Stapleton business deal would raise new round of questions for Colorado treasurer
Weeks after Colorado Treasurer Walker Stapleton took office this past January he drew a flurry of questions about a lucrative consulting contract he made with SonomaWest Holdings, the Northern California real-estate firm he headed for years as CEO. Stapleton arranged to work for up to 250 hours per year with Sonoma for $150,000 while acting as Colorado’s treasurer. Colorado AOL reporter Sandra Fish discovered the arrangement by looking at paperwork SonomaWest had to file as a public company, and government watchdogs took comfort from the fact that those public records filed with the Securities and Exchange Commission or SEC would continue to provide some level of transparency. Now Stapleton’s family finance business, Denver-based Stapleton Acquisitions Company, is proposing to buy out shareholders of SonomaWest (pdf) and take the company private. That would mean no more filing with the SEC. It would mean no more public records from which to monitor Stapleton’s moonlighting as a consultant.
“There are a lot of [business] reasons to take a company private,” University of Denver Finance Professor Mac Clouse told the Colorado Independent. “For one thing, you gain 100 percent control. You can take the company in the direction you want to go without having to wrestle with a single cantankerous board member. You would no longer have to appoint the kind of board that government regulations insist upon. The other main reason is that you no longer have to do all the public reporting. You don’t have to pay the high accounting costs that come with preparing statements.”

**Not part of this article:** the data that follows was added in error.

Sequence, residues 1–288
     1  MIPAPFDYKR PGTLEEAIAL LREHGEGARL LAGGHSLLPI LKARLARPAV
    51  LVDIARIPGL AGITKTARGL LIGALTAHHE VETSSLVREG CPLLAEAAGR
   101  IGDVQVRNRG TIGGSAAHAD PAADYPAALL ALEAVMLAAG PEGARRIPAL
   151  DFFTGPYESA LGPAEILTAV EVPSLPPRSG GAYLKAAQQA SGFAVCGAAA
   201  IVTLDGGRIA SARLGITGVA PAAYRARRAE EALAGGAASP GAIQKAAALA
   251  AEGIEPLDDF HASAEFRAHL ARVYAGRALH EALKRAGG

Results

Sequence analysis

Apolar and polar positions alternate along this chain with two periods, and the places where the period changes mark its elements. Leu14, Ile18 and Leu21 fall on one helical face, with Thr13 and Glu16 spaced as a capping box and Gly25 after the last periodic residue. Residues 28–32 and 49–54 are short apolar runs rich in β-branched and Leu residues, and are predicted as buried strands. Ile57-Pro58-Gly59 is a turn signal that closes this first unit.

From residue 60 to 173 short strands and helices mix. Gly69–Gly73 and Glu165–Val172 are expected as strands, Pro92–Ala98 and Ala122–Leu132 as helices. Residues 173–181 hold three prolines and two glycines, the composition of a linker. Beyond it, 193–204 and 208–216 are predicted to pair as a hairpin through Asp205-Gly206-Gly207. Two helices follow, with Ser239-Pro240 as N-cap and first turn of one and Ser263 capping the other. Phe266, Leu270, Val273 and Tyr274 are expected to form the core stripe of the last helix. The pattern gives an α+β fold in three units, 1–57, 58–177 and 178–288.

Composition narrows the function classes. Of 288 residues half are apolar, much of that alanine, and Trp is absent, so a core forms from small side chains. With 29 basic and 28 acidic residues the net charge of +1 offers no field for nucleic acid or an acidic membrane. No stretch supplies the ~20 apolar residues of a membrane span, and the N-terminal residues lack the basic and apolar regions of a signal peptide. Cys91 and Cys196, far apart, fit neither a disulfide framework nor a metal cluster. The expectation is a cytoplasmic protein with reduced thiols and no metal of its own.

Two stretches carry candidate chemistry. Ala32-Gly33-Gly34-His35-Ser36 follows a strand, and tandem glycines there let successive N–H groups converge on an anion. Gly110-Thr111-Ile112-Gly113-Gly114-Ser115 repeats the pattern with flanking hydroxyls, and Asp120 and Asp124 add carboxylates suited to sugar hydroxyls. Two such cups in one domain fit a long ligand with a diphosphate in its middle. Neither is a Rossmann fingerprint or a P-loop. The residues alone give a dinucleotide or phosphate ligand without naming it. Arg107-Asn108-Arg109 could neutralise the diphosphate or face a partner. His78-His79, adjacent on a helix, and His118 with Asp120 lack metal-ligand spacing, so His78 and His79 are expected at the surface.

The treasurer’s office didn’t return calls for comment at the time of publication and Stapleton Acquisitions told the Independent it would be illegal for company representatives to add any more about the proposed deal to the information that’s already public.
Minimal required disclosure
Colorado Ethics Watch Director Luis Toro said his group is very interested in the proposed deal. He said state financial disclosure forms only ask officeholders to list their “sources” of income, along with assets, real estate, debts, board positions and lobbying income. Toro said that some office holders might volunteer more information, like the amount of hours they’re working outside the office, but that kind of detail is presently not required.
“The only way the public found out about Stapleton’s moonlighting was that it was disclosed by SonomaWest to the SEC as required by federal securities law,” Toro told the Independent. “If the business is taken private, even this back-door form of transparency will be gone. That’s a concern because the proposed consulting agreement that was disclosed could potentially take up a huge portion of the state Treasurer’s time.”
Toro added that the time commitment is reason enough for concern “even if you accept [Stapleton’s] claim that there is no potential for conflict of interest between the State and SonomaWest.”
Should Treasurer Stapleton consult with Sonoma to earn the full $150,000 listed in his contract with the company this year, he would have to put in roughly 600 hours, or 11 hours per week.